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FAA Grants Icon A5 Weight Increase
It took 14 long months but in the end the FAA sided with Icon Aircraft by granting a weight increase of up to 250 pounds for the A5 light-sport amphibian. Icon CEO Kirk Hawkins announced at an AirVenture press conference this morning that the good news means the company can increase the A5's max takeoff weight to 1,510 pounds and put the sleek LSA on a fast track toward production.
Icon asked the FAA for an MTOW increase above strict LSA standards to incorporate airframe and wing changes that the California company says comply with Part 23 spin resistance standards. In a July 24 document granting the weight increase, the FAA said it favored Icon on the merits of the petition and not on competitive considerations.
"The FAA has determined that the Icon A5 provides an equivalent level of safety, and may in fact exceed the level of safety provided by aircraft that meet" LSA standards, the document stated. "The FAA has determined that granting relief from the MTOW for LSA for this specific safety enhancement is in the public interest and is also consistent with the FAA's goal of increasing safety for small airplanes."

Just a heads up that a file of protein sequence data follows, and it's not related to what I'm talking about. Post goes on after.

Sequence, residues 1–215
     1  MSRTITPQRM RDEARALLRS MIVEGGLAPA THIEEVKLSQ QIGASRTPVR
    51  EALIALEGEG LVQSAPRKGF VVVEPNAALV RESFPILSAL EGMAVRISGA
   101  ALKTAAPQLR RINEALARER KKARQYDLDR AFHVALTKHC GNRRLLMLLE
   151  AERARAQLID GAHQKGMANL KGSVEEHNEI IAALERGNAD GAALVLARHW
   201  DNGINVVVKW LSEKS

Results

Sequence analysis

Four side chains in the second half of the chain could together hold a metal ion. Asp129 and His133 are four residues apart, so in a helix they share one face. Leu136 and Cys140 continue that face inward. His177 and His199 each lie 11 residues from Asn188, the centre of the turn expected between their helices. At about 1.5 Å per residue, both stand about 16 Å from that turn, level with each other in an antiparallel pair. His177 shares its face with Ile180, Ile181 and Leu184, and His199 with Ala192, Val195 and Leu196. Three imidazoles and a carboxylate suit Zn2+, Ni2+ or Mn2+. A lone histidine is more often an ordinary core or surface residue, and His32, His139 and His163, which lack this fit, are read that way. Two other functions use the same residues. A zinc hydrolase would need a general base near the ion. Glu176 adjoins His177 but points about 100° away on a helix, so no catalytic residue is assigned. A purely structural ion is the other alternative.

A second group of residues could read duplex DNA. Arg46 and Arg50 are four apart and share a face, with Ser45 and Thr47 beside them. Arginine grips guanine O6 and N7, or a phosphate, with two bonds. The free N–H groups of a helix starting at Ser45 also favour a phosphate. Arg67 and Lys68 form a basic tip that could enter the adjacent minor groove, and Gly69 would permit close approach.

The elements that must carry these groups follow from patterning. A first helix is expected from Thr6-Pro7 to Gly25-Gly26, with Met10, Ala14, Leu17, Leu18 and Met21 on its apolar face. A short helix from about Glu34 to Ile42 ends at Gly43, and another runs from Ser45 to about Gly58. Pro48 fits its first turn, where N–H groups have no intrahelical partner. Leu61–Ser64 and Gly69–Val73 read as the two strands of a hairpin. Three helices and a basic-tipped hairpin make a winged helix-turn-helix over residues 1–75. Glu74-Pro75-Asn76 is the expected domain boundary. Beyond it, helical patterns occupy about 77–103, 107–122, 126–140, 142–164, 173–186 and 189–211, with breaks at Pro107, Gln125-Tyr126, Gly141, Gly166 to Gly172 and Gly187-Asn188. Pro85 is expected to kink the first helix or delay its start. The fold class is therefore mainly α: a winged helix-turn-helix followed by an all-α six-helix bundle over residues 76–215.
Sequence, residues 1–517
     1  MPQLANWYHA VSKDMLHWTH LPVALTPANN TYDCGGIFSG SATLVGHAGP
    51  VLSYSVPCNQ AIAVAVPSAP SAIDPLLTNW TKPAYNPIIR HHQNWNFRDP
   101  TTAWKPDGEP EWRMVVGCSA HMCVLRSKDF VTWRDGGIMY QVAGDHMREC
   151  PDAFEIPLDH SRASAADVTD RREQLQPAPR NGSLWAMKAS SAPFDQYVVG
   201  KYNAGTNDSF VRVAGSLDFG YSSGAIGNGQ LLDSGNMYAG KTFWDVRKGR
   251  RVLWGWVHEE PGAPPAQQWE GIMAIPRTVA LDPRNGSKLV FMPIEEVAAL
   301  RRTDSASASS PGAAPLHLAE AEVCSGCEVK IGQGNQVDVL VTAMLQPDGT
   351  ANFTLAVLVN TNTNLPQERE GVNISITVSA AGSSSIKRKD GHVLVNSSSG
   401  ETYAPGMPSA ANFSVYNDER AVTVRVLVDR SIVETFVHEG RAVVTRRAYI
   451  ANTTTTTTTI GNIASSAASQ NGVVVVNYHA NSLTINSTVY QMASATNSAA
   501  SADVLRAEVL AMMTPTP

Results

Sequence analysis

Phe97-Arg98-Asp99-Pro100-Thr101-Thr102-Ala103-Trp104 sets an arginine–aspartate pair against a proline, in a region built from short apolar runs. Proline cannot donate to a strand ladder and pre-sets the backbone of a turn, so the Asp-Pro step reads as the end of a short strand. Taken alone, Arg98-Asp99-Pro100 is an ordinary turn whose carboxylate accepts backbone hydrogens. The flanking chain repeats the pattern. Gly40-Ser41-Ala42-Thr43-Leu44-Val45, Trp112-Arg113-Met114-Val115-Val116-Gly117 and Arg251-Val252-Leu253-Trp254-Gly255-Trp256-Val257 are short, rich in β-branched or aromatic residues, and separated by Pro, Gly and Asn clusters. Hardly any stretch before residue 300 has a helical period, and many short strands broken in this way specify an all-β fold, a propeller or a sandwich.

Hawkins would not divulge "the secret sauce" of precisely how Icon achieved spin resistance in the A5, but he said it involved a combination of wing and airframe changes, including incorporation of a larger wing, bigger tail and additional structure to support them. Though Icon asked the FAA for a 250-pound weight increase, Hawkins said the company will need only 80 pounds of that, making the A5's new MTOW only slightly higher than the current 1,430-pound LSA limit for amphibians.
No FAA pilot has flown the airplane to verify Icon's claims, and that in part is what led to the lengthy delay in granting the request. Instead, the company's own test pilots performed the spin resistance testing to Part 23 standards and Icon certified to the FAA that the design does indeed meet or exceed those standards.
Other safety enhancements that the FAA considered in granting the petition included the A5's BRS ballistic parachute, angle-of-attack indicator and Rotax 912is fuel-injected engine. All of these added to the final weight of the A5 and, predictably, they also will result in a higher price. Hawkins said the new price of the A5 has been set at $189,000 in 2013 dollars, versus $139,000 when the airplane was first announced.
Icon has secured $60 million in additional funding that Hawkins said is sufficient for the company to launch production. Testing of four production-conforming airplanes will start next spring, with first deliveries to follow at some point after.